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Tectonism and Enhanced Cryovolcanic Potential Around a Loaded Sputnik Planitia Basin, Pluto.
  • Patrick J. McGovern,
  • Oliver White,
  • Paul Schenk
Patrick J. McGovern

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Oliver White
SETI Institute
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Paul Schenk
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Sputnik Planitia on Pluto is a vast plain consisting of a nitrogen ice deposit filling a broad topographic depression, likely an impact basin. The basin displays a broad, raised rim and is surrounded by numerous extensional fracture systems, each with characteristic orientations with respect to the basin center. The nitrogen ice exerts a large mechanical load on the water ice outer shell crust (here also containing the lithosphere). We calculate models of stress and deformation related to this load, varying dimensional, mechanical, and boundary condition properties of the load and Pluto’s lithosphere, in order to constrain the conditions that led to the formation of the observed tectonic and topographic signals. We demonstrate that the tectonic configuration is diagnostic of a particular set of conditions that hold for the Sputnik basin and Pluto, including moderate elastic lithosphere thickness (50 ± 10 km) and a wide load set into a basin that was pan-shaped and shallow (~3 km) at the time of nitrogen deposition initiation. These tectonic systems show the contributions of both flexural (bending) and membrane (stretching) responses of the lithosphere, with the latter dominating in proportion to the importance of spherical geometry effects (i.e., wide loads). Rim topography may also show an influence of primordial annular trans-basin ice shell thickening from the impact process. Analysis of stress-driven cryomagma transport shows that loading stresses can facilitate ascent of cryomagmas in annular zones around the basin, the locations of which overlap the observed distances from Sputnik of several candidate cryovolcanic sites.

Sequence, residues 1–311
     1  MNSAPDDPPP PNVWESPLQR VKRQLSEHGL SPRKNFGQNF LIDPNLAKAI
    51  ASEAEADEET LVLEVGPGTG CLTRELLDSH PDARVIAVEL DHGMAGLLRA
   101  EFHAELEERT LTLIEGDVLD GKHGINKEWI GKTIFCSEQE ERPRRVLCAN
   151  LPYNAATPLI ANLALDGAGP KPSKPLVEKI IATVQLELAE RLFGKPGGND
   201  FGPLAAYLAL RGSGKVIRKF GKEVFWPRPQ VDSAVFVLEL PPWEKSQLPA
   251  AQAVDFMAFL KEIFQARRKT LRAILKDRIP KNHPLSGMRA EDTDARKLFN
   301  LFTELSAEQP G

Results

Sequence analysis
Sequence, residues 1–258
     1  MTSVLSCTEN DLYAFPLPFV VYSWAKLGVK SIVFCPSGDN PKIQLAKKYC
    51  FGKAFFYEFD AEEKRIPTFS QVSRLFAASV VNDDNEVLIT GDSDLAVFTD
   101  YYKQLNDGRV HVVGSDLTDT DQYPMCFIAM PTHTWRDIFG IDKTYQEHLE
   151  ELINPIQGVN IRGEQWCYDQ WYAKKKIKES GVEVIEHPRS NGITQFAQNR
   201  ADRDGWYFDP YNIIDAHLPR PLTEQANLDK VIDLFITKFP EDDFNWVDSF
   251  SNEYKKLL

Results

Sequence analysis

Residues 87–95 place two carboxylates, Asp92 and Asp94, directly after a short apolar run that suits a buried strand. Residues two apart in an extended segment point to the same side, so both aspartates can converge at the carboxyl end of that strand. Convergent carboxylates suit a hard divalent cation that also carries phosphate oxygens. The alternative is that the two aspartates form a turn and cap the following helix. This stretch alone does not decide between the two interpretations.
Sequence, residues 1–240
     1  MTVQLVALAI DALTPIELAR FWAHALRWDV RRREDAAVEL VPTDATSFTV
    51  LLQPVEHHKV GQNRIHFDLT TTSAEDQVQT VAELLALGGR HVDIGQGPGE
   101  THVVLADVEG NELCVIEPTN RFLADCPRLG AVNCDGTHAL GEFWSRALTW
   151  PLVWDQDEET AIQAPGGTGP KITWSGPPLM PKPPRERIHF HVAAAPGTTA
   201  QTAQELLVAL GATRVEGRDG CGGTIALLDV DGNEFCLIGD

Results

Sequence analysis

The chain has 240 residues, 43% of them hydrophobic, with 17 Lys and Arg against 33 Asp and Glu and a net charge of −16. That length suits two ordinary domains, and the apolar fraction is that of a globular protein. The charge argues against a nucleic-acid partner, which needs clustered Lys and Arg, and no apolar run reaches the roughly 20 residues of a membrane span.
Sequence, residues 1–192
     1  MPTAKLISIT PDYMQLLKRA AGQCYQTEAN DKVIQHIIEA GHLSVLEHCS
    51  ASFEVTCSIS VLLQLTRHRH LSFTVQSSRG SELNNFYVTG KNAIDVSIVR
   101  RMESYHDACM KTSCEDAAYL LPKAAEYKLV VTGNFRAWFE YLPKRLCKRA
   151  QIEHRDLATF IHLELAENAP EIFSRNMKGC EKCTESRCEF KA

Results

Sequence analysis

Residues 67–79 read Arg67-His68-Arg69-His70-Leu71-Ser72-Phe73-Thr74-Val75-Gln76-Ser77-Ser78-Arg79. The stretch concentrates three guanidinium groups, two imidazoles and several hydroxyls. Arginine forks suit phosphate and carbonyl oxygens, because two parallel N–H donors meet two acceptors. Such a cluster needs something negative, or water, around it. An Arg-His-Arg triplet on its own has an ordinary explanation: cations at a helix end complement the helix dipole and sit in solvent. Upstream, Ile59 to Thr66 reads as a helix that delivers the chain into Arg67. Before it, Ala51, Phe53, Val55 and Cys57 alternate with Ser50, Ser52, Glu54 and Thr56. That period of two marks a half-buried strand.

Dec 2021Published in Journal of Geophysical Research: Planets volume 126 issue 12. 10.1029/2021JE006964